The ‘other two’ proved difficult. The tide was extremely high, meaning that many of the typical hangout spots for the kingfisher and the heron were totally under water. Seeing two avid birders at the bow, Murray pulled out all of the stops to try to locate these special birds. He squeezed his boat into side tributaries. We patrolled up and down promising coves. The advertised two-hour trip stretched into two and a quarter hours. Then two and a half. Finally, Murray gave up and headed the boat back towards the dock. It was a lovely trip, and we saw many cool birds. Murray was knowledgeable and entertaining. But I could tell that Neil was disappointed that two of the star attractions were no-shows. “We might still pick them up down the road,” I told him. He looked skeptical as we packed up the car and headed south. But both of our moods lightened as the morning wore on and we remembered our next destination: the famous Atherton Tablelands.

Leave a comment

Filed under Australia, Birding

Cairns and Cassowaries

The cheapest and most convenient flight from Sydney to Cairns was on Jetstar, the low-cost “sister” carrier to Qantas.  Jetstar is a distinctly “no frills” airline.  The gate agents weigh your carry-on to see if you have exceeded the strict 7 kg limit; if you have, hefty penalties apply.  There is no entertainment or Wi-Fi on the flight, but you can get water – if you pay extra for it.  Despite the relative lack of amenities, I had no complaints about my Jetstar experience.  The gate agents and flight attendants were polite and professional, the plane was new and clean, and we touched down in Cairns (pronounced like “Cans” if you’re an American) right on time.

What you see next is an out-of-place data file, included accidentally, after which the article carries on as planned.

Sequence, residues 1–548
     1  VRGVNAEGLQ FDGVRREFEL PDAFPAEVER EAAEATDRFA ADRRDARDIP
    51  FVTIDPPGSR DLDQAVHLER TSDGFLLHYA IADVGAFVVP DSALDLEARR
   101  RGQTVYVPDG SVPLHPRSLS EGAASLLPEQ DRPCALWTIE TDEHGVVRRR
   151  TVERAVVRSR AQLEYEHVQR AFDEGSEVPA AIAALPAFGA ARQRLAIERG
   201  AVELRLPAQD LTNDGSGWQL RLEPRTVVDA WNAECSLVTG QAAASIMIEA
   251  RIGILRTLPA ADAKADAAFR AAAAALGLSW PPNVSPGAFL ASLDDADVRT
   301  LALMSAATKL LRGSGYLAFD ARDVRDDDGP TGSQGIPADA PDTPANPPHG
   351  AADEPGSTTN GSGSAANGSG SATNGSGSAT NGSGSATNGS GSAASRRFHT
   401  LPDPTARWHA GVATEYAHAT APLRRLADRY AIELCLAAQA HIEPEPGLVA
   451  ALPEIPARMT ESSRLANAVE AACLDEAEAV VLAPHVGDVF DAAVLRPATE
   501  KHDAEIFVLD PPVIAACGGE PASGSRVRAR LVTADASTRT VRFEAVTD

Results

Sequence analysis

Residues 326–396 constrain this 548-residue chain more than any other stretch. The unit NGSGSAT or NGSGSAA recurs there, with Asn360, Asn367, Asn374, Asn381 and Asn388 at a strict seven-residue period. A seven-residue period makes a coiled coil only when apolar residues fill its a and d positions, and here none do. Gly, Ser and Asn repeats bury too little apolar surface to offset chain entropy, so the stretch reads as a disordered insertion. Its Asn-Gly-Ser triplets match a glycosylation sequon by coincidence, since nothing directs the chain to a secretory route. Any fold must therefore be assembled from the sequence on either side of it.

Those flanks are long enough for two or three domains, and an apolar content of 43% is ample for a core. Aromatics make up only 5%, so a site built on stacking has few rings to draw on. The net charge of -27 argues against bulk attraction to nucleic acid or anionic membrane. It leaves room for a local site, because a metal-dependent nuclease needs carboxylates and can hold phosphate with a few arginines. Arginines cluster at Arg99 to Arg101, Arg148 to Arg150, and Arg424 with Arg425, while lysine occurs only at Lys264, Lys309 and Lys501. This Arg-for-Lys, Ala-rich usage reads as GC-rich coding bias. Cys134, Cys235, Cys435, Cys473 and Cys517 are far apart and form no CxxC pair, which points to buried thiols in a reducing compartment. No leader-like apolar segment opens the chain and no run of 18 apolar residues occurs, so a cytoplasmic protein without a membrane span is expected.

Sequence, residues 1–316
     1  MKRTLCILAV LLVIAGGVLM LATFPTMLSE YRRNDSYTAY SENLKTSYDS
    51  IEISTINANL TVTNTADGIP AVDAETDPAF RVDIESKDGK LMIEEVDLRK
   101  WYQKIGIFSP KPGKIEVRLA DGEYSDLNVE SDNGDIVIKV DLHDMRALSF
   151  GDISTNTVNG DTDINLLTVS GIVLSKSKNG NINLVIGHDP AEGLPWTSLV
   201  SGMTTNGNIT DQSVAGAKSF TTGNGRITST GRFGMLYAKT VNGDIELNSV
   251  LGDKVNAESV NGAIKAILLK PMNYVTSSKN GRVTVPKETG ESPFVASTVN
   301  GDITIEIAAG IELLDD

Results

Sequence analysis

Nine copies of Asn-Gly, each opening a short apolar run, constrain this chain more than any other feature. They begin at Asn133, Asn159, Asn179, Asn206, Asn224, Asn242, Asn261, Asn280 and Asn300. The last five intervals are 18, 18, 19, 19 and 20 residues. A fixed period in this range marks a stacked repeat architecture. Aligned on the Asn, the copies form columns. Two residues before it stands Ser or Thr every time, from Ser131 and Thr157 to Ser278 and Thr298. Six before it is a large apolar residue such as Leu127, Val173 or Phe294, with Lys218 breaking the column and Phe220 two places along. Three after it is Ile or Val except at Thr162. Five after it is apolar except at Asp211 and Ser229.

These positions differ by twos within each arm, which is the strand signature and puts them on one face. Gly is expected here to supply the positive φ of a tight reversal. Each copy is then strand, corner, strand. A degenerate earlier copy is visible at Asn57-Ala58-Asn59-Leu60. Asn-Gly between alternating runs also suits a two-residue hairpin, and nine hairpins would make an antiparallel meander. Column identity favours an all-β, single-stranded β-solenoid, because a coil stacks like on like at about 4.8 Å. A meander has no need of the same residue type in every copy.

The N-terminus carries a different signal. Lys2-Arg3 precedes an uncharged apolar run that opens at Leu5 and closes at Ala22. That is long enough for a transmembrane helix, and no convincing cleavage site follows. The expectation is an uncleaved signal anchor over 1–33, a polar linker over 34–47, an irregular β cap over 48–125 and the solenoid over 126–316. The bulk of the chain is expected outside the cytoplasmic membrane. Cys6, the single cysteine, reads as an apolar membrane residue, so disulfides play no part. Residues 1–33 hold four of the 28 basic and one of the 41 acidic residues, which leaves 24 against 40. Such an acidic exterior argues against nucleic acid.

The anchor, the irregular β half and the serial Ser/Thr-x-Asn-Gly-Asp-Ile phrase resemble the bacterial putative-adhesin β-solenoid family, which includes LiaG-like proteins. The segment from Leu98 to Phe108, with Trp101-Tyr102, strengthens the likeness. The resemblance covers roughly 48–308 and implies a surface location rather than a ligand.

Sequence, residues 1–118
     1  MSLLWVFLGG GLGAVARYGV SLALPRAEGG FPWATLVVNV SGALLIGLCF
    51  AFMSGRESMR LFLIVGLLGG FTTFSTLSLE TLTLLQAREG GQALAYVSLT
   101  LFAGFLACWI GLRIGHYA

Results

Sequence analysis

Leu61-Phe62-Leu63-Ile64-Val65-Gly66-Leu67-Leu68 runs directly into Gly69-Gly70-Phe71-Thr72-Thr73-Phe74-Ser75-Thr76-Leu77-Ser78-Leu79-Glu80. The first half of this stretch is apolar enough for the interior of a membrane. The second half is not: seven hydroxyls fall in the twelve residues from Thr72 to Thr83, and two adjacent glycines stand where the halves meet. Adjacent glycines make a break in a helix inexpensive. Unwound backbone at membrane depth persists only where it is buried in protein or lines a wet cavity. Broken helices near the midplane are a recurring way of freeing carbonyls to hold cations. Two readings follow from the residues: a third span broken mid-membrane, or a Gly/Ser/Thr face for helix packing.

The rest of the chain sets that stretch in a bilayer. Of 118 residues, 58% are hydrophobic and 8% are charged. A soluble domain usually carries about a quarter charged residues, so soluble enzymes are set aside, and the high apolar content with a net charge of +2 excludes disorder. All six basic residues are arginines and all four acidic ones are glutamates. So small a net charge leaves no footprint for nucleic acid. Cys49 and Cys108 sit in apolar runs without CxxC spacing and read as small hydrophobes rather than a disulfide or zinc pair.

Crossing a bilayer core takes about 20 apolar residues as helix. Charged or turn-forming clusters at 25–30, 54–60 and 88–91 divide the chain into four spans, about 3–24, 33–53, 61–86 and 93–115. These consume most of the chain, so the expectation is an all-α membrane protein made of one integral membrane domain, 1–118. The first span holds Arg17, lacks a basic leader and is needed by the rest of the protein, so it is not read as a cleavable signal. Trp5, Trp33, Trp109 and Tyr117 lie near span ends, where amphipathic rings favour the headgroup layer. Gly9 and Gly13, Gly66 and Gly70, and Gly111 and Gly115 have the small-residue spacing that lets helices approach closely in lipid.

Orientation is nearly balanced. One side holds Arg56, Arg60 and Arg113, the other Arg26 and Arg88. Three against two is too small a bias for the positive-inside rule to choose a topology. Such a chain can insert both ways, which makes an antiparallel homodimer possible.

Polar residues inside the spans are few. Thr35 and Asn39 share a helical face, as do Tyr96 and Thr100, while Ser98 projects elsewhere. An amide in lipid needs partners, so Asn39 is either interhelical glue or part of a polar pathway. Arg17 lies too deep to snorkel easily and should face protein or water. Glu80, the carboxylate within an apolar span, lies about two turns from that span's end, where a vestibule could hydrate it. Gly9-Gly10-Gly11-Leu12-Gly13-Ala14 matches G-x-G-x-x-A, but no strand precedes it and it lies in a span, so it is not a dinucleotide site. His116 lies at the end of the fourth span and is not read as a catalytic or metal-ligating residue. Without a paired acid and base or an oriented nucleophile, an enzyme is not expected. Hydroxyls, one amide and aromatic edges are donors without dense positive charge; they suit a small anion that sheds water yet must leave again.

Kuanda Rainforest

Kuranda Rain Forest, just outside of Cairns

Cairns is a bustling tourist hub of about 150,000 people right on the coast in Far North Tropical Queensland.  At about 17 degrees south latitude, it experiences sweltering, wet summers and warm, drier winters.  We had perfect weather (highs in the low 80s and dry) most days.  Cairns is a popular birding destination in its own right, and also serves as a gateway to the Great Barrier Reef (to the east), Daintree National Park (to the north), the Atherton Tablelands (to the southwest).  The city is flanked by pristine rainforest on several sides.

Barron Falls

Barron Falls, just NW of Cairns